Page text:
Historically, telecommunications, broadcasting, and other related areas were separate industry segments; they used different technologies and were governed by different regulations. The broad and prevailing use of the Internet has aided in the convergence of technological platforms for telecommunications, broadcasting, and information delivery... Learn more about Convergence


Content policy

One of the main sociocultural issues is content policy, often addressed from the standpoints of human rights (freedom of expression and the right to communicate), government (content control), and technology (tools for content control). Discussions usually focus on three groups of content: ... Learn more about Content policy


Privacy and data protection

Privacy and data protection are two interrelated Internet governance issues. Data protection is a legal mechanism that ensures privacy. Privacy is usually defined as the right of any citizen to control their own personal information and to decide about it (to disclose information or not). Privacy is a fundamental human right. It is recognised in the Universal Declaration of Human Rights ... Learn more about Privacy and data protection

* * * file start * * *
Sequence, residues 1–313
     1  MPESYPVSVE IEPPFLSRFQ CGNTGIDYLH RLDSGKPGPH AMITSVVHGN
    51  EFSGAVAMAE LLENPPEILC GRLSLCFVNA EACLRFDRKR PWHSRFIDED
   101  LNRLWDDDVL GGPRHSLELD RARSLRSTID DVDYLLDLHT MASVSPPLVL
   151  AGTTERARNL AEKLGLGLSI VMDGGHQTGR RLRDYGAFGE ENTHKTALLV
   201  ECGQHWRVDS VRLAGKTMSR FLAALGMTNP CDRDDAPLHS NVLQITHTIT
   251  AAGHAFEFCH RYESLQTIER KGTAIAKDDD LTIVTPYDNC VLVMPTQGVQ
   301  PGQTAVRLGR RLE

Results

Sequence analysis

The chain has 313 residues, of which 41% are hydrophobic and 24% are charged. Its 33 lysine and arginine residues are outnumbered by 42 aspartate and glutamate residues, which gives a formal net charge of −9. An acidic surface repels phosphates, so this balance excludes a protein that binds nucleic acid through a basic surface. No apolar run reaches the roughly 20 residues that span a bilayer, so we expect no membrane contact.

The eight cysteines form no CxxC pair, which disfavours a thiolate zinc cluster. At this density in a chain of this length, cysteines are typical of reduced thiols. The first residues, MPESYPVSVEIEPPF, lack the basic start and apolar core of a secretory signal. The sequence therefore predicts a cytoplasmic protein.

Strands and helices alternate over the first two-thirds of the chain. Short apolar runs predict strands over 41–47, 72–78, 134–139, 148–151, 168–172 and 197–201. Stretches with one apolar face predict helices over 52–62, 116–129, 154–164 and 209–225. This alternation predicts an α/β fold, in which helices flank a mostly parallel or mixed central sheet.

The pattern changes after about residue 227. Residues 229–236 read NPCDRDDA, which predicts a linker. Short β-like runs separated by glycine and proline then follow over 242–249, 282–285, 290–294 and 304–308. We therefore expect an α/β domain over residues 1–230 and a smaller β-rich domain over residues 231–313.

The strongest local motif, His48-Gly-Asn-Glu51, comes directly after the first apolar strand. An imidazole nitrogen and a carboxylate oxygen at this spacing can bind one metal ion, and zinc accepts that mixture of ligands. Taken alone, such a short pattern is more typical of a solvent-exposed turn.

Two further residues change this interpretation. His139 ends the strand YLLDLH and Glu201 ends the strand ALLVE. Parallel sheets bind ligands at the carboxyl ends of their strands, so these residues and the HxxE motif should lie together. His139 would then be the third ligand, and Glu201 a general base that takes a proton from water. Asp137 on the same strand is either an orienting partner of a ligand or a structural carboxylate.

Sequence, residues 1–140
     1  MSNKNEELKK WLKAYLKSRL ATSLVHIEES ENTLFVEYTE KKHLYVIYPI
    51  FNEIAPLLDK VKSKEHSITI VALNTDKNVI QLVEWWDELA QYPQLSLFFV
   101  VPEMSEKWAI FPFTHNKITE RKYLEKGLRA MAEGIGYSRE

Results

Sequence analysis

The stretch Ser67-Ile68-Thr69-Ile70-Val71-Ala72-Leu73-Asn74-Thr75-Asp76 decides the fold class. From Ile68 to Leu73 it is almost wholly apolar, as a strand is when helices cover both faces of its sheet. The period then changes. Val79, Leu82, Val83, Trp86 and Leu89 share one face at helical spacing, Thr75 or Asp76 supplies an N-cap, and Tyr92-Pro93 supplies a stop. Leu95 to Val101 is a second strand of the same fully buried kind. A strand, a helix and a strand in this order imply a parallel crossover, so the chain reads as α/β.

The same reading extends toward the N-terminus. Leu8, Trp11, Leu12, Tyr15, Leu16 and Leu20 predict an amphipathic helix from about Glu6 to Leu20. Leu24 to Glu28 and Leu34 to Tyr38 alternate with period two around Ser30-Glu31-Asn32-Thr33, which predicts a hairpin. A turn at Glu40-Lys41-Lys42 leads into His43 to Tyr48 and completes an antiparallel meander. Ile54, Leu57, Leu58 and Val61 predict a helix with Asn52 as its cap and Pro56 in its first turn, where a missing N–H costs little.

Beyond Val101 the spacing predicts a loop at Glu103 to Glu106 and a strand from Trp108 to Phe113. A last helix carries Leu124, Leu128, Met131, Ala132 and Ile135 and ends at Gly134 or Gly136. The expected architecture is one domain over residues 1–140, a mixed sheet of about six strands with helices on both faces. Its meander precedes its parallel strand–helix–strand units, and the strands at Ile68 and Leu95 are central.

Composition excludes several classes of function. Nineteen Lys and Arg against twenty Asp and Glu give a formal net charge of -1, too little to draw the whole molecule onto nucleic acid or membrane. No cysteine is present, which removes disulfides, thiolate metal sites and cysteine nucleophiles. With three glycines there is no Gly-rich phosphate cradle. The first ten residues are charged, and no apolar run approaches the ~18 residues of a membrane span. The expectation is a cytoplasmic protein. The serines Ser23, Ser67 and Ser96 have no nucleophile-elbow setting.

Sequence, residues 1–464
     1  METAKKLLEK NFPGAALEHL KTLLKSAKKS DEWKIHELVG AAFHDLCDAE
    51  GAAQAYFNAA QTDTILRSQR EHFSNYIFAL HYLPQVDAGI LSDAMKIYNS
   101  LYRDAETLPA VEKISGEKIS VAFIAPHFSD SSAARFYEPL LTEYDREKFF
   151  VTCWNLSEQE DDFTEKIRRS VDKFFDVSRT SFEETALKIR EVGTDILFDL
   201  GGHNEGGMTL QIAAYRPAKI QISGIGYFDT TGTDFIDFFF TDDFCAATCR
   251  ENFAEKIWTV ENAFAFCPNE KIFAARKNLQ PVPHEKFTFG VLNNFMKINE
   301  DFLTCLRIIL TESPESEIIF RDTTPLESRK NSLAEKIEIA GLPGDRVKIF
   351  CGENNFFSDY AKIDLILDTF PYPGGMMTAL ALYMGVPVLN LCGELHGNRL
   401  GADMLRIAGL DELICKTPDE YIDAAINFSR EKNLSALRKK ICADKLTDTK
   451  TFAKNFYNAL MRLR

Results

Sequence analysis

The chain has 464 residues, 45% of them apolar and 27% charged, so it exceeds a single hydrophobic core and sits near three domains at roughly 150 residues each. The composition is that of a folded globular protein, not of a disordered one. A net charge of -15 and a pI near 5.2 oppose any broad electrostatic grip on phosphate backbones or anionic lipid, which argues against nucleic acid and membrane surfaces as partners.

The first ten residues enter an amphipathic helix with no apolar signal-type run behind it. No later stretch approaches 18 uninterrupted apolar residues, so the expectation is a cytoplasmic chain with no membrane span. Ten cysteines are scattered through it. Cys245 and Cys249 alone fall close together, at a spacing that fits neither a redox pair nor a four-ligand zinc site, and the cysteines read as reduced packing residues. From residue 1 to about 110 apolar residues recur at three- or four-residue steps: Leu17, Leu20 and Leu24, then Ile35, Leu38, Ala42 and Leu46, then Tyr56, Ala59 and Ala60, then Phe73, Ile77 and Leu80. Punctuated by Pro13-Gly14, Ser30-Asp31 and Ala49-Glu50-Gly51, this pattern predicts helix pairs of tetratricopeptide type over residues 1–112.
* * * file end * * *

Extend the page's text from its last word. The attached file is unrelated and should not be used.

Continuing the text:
Freedom of expression

Several international instruments guarantee the right to freedom of expression. The Universal Declaration of Human Rights affirms that this right includes the freedom to hold opinion without interference and to seek, receive and impart information and ideas. The Internet, with the opportunity it offers people to express themselves, ... Learn more about Freedom of expression



With the Internet moving into the mainstream of modern society, the question of taxation has come into sharper focus. It has become even more important since the financial crisis in 2008. Many governments have been trying to increase fiscal income in order to reduce growing public debt. The taxation of economic activities on the Internet became one of the first possibilities for increasing fiscal income. Learn more about Taxation


Economic – other issues

The impact of the Internet on businesses and the global economy has been crucial in shaping new economic models, and at the same time, raising new concerns. The Internet is one of the primary drivers of economic growth, which is visible in many countries that have placed the development of ICT as one of the primary tools for boosting the economy. Learn more about Economic – other issues


Labour law

It is frequently mentioned that the Internet is changing the way in which we work. ICTs have blurred the traditional routine of work, free time, and sleep (8+8+8 hours), especially in multinational corporation working environment. It is increasingly difficult to distinguish where work starts and where it ends. These changes in working patterns may require new labour legislation, addressing such issues as working hours, the protection of labour interests, and remuneration. Learn more about Labour law